ClearxCut’s hardcore/metalcore on Age Of Grief is passionate in supporting a straight edge vegan lifestyle. They don’t shame a listener into following them, but lay out their values to promote the end of animal cruelty. While their beliefs have stayed the same their entire career, their music has undergone a transformation, from punky hardcore to an emphasis on a metalized form.

This is noticed on “Putrefaction,” which starts out hot with ClearxCut laying on the aggression. It’s a nice counter to the lengthy acoustic outro that precedes it on “Privilege.” There are a few parts on Age Of Grief that seem like groundwork that doesn’t take off, like the abbreviated closer “The Eternal Demise.” They haven’t lost their hardcore ways, but have fixed on a metal mindset for a largely gratifying record.

Rating: 3.5
(Dan Marsicano)

Reigning Phoenix Music

Deicide – Banished By Sin (Reigning Phoenix)

Deicide certainly haven’t been shy of courting controversy. But it was still a little odd that, of all matters, it was Banished By Sin’s AI artwork that riled up so many folks. There are times when the music on this LP could’ve almost been AI created, such is its familiar feel for diehards. However, devotees of blasphemous brutality likely won’t be bothered by that, especially given, as indicated by single “Sever The Tongue,” the echoes of classic era Deicide throughout the album.

There are 12 tracks here, none of which reach the four-minute mark, and the whole affair displays all the subtlety of a wolf on steroids. Frontman Glen Benton’s layered vocals lead the way, bridging the trademark gurgle, roar and high screams. But he’s often overshadowed by the record’s MVPs – Steve Asheim’s dexterous drumming and the guitar solos, which boast a ‘90s Deicide approach. There’s a lack of variety and dynamics at times, but highlights are there. Black metal-infused “Faithless” is the pick, while the groove-laden title track resonates, and “Doomed To Die” is a paint-peeling maelstrom. There are few surprises from Satan’s house band. Irrespective, it seems you just can’t kill Deicide.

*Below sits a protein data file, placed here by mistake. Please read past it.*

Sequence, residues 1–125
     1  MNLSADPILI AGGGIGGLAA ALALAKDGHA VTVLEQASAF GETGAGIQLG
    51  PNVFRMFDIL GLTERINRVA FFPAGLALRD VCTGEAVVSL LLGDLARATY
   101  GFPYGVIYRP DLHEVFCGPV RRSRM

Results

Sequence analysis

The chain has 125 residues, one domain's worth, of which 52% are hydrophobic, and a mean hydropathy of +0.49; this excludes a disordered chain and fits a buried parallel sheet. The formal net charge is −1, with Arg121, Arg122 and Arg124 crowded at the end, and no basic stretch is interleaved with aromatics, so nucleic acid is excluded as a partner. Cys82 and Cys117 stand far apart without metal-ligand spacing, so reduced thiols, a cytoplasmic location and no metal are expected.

Rating: 3
(Brendan Crabb)

Closed Casket Activities

Full Of Hell – Coagulated Bliss (Closed Casket Activities)

Coagulated Bliss is Full Of Hell’s sixth album and first since 2021’s Garden Of Burning Apparitions. During those almost three years the band continued to hone their craft and continue to be one of extreme music’s most varied entities. From the odd sounds used at the beginning of “Half Life Changelings” to the high-octane assault of “Transmuting Chemical Burns” or even the punk drive of the title track, all of your favorite Full Of Hell sounds are here and used to greater effect than their most recent albums.

Some of Full Of Hell’s best work comes in the form of a long track amongst the scattered pieces of bite-sized chaos. This time around that track is “Bleeding Horizon,” which starts out with hummed feedback which gives way to doomy riffs and pained vocals, taking up most of the six minute runtime before rounding itself out as a truly sludge/doom affair. “Schizoid Rupture” and “Vacuous Dose” end with a flurry of riffs that could surprise fans and is another reason that Full Of Hell feels fully realized on this new album. Coagulated Bliss is the sound of Full of Hell achieving noisy nirvana.

Rating: 4.5
(Tom Campagna)

Moribund Records

Hacavitz – Muerte (Moribund)

It has been a while since we’ve heard from the Mexican blackened death metal band Hacavitz. Nex Nihil was released back in 2017, and now nearly seven years later they make a welcome return with their sixth album Muerte.